Dante’s Purgatory is one-third of his Divine Comedy. In the Inferno, Dante travels through Hell. In the Purgatory, Dante climbs the Mountain of Purgatory. In the Paradise, Dante travels from planet to planet and through the universe until he reaches Paradise, which is outside space and time. This is an easy-to-read retelling of the Purgatory. On sale for .99. Regular price: 2.99.
Buy the book, Learn more about the writer and follow the author on social media:
Buy the Book On Amazon.
Apparently, I am either the first or second person in the world to translate all 38 of William Shakespeare’s plays into today’s English. (BOOKCAPS has done this kind of translation, but I don’t know how many authors worked on their retellings of Shakespeare’s plays. Of course, many people have written summaries.) I may also be the first person in the world to translate at least one of Ben Jonson’s plays into today’s English.
I would like to see my retellings of classic literature used in schools, so I give permission to the country of Finland (and all other countries) to buy one copy of my eBooks and give copies to all students forever. I also give permission to the state of Texas (and all other states) to buy one copy of my eBooks and give copies to all students forever. I also give permission to all teachers to buy one copy of my eBooks and give copies to all students forever.
Teachers need not actually teach my retellings. Teachers are welcome to give students copies of my eBooks as background material. For example, if they are teaching Homer’s “Iliad” and “Odyssey,” teachers are welcome to give students copies of my “Virgil’s ‘Aeneid’: A Retelling in Prose” and tell students, “Here’s another ancient epic you may want to read in your spare time.”
I also write collections of anecdotes; most of the anecdotes are funny or at least interesting, while some provoke thinking.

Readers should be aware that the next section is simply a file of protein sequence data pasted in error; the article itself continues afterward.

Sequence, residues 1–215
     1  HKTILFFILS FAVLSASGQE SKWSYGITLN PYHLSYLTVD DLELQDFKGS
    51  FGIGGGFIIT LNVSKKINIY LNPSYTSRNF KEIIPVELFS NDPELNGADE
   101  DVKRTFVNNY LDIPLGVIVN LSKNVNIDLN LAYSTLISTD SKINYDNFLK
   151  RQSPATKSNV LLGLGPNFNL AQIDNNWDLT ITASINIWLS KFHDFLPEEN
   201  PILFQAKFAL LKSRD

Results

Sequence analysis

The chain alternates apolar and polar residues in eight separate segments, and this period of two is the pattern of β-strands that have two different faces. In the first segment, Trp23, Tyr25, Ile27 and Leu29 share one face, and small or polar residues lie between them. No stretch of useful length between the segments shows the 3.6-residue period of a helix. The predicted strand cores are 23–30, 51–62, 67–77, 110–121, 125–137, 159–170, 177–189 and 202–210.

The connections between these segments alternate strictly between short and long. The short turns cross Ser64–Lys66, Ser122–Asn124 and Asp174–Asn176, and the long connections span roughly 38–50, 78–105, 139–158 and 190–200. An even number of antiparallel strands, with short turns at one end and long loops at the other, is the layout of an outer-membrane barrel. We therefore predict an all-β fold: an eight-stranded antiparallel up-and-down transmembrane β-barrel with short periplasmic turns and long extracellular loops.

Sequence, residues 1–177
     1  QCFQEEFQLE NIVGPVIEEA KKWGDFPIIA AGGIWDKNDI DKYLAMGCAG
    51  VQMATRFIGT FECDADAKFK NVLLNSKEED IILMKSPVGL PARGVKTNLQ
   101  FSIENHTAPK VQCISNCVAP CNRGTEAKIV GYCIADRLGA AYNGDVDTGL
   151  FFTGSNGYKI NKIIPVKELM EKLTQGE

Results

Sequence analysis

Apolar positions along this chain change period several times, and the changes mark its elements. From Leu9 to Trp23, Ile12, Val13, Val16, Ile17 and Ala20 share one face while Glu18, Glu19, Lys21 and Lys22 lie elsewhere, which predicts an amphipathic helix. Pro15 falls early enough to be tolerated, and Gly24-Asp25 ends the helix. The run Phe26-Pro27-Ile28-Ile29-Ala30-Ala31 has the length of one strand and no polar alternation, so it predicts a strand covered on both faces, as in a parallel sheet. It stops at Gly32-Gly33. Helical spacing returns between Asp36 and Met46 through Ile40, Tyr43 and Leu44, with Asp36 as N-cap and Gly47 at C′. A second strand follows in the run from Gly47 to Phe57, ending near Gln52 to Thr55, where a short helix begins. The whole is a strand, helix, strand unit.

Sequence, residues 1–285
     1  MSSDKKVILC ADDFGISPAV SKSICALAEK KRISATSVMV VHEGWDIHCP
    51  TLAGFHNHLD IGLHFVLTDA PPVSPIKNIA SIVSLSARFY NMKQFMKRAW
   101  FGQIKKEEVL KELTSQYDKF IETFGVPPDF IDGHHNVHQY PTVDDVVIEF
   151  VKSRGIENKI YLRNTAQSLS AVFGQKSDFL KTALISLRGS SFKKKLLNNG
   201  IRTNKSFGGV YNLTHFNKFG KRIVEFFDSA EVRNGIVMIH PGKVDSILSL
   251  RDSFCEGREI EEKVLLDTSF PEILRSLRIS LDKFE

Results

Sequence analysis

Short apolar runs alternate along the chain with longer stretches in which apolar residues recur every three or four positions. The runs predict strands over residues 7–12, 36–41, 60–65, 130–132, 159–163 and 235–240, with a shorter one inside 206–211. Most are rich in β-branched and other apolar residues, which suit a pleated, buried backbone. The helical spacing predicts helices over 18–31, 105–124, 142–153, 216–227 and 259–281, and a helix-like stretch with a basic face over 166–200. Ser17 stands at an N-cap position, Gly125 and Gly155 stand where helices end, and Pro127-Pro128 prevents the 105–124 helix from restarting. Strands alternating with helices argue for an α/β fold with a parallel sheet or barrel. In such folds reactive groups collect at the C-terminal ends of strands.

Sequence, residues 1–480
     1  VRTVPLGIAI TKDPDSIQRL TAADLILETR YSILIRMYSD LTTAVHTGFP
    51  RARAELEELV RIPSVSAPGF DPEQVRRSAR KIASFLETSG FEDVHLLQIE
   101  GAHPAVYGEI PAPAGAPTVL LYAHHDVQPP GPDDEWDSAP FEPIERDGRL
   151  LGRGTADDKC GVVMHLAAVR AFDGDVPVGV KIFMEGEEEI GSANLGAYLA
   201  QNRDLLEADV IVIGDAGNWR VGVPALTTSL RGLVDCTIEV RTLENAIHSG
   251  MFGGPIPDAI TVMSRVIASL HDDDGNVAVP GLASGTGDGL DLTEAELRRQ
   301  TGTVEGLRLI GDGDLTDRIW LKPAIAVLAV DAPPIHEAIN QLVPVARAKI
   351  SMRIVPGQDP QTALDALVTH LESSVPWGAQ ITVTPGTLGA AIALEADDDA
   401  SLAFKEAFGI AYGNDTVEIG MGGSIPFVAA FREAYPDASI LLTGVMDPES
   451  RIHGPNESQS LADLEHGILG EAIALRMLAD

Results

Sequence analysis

One of my composition students, Maggie Wendell, wrote a paper about the first day of her first class as a freshman at Ohio University. It was a public-speaking class, and she was shocked when she learned that the professor was going to have the students speak for five minutes without preparation on a topic that the professor would tell them. Maggie is a student who likes to be super-prepared for every test and every assignment, so impromptu speaking is not at all her thing. When it was her turn and she got her topic, she immediately began staring at the back wall and spewing whatever verbal diarrhea came into her mind. She even invented an Asian-American friend as she talked about the youth in Asia. When her five minutes was up, she stopped talking and saw that the other students were looking at her and trying to stifle laughter. What was wrong? Were her pants unzipped? Her professor said, “Thank you, Ms. Wendell, for your enlightening talk on the youth in Asia, but your topic was euthanasia. You may know it better as mercy killing.” She said weakly, “I know what euthanasia is,” sat down, and after the class was over, immediately dropped it and took another class. Fortunately, embarrassment plus time equals comedy, and by the time Maggie was a senior, she thought that what had happened was funny.
It was a dark and stormy night. Suddenly a cry rang out, and on a hot summer night in 1954, Josephine, wife of Carl Bruce, gave birth to a boy—me. Unfortunately, this young married couple allowed Reuben Saturday, Josephine’s brother, to name their first-born. Reuben, aka “The Joker,” decided that Bruce was a nice name, so he decided to name me Bruce Bruce. I have gone by my middle name—David—ever since.
Being named Bruce David Bruce hasn’t been all bad. Bank tellers remember me very quickly, so I don’t often have to show an ID. It can be fun in charades, also. When I was a counselor as a teenager at Camp Echoing Hills in Warsaw, Ohio, a fellow counselor gave the signs for “sounds like” and “two words,” then she pointed to a bruise on her leg twice. Bruise Bruise? Oh yeah, Bruce Bruce is the answer!
Uncle Reuben, by the way, gave me a haircut when I was in kindergarten. He cut my hair short and shaved a small bald spot on the back of my head. My mother wouldn’t let me go to school until the bald spot grew out again.
Of all my brothers and sisters (six in all), I am the only transplant to Athens, Ohio. I was born in Newark, Ohio, and have lived all around Southeastern Ohio. However, I moved to Athens to go to Ohio University and have never left.
At Ohio U, I never could make up my mind whether to major in English or Philosophy, so I got a bachelor’s degree with a double major in both areas, then I added a master’s degree in English and a master’s degree in Philosophy. Currently and for a long time to come (I eat fruits and veggies), I am spending my retirement writing books.